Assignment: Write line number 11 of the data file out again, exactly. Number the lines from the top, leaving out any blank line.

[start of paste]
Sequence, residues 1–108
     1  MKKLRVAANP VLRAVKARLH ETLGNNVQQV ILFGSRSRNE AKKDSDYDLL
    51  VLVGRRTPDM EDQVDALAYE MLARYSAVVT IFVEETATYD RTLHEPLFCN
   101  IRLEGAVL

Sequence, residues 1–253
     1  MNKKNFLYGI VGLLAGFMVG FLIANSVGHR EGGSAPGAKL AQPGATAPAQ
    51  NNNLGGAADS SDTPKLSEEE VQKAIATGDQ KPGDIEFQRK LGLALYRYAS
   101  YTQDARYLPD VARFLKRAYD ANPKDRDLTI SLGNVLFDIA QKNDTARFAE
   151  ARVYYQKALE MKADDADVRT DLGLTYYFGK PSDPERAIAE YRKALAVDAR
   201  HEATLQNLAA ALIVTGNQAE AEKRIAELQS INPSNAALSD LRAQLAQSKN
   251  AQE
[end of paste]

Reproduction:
   251  AQE